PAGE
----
Four points emerge. Firstly, while Russian strength in the Pacific shows renewal, it remains inferior to U.S. strength. Secondly, Russia’s close maritime cooperation with China is increasingly problematic for the United States, since Russia and China act as force multipliers for each other in the Indo-Pacific and beyond. Thirdly, Russian fleet activity in the Indo-Pacific is not just a question of Pacific Fleet deployment, but also involves inter-fleet deployments of the Northern, Baltic, and Black Sea Fleets to the Indian Ocean. Fourthly, this works the other way as well, with Pacific Fleet deployments going beyond the Indo-Pacific, not only to the Arctic, but also the Mediterranean, where inter-fleet exercises were carried out in 2013, 2016, and 2022. This may, however, be a sign of weakness, indicating the separate Russian Naval Commands do not have enough forces at their disposal.
Dr. David Scott is an associate member of the Corbett Centre for Maritime Policy Studies. A prolific writer on Indo-Pacific maritime geopolitics, he can be contacted at email@example.com.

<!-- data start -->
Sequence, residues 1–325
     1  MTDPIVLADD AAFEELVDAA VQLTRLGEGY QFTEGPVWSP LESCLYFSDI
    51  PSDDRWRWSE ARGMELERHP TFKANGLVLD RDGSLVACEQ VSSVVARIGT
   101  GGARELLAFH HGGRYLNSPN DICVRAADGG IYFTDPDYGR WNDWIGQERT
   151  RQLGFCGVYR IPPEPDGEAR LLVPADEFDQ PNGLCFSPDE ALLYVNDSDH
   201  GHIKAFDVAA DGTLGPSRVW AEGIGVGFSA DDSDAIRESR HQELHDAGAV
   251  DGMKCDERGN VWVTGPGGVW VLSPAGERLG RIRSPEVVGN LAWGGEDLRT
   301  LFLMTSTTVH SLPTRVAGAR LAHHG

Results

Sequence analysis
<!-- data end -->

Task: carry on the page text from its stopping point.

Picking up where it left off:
Featured image: Russian cruiser RFS Varyag, an Iranian frigate and Chinese Type 052D destroyer Urumqi in the Arabian Sea. (Credit: Navy Lookout)
2 thoughts on “Russian Naval Strategy for the Indo-Pacific”
While a Russian naval presence in the Pacific can not be discounted we should not give it more credence than it deserves. The Russians have recently demonstrated a lack of consciousness regarding the limitation of their assets and it cost them one of only three Slava class Cruisers. The Russians face not just the US, but also Japan and South Korea navies, with the Japanese and South Koreans adding both quality and quantity to their fleets. If there are concerns, it is more on the part of the Russians than the Americans.
Thanks Brian. Indeed so, not only does Russia remain “inferior” to the US Pacific Fleet, but it is faced with S. Korean and Japanese quality naval assets. In addition, unsettlingly for Moscow in the longer-term, it is also being out-shipped by its strategic partner ally China’s shipbuilding acceleration for the Pacific. A strategic partner now, but one where the relationship is sliding to Russia’s disadvantage. Russian naval operations in the Black Sea have been underwhelming.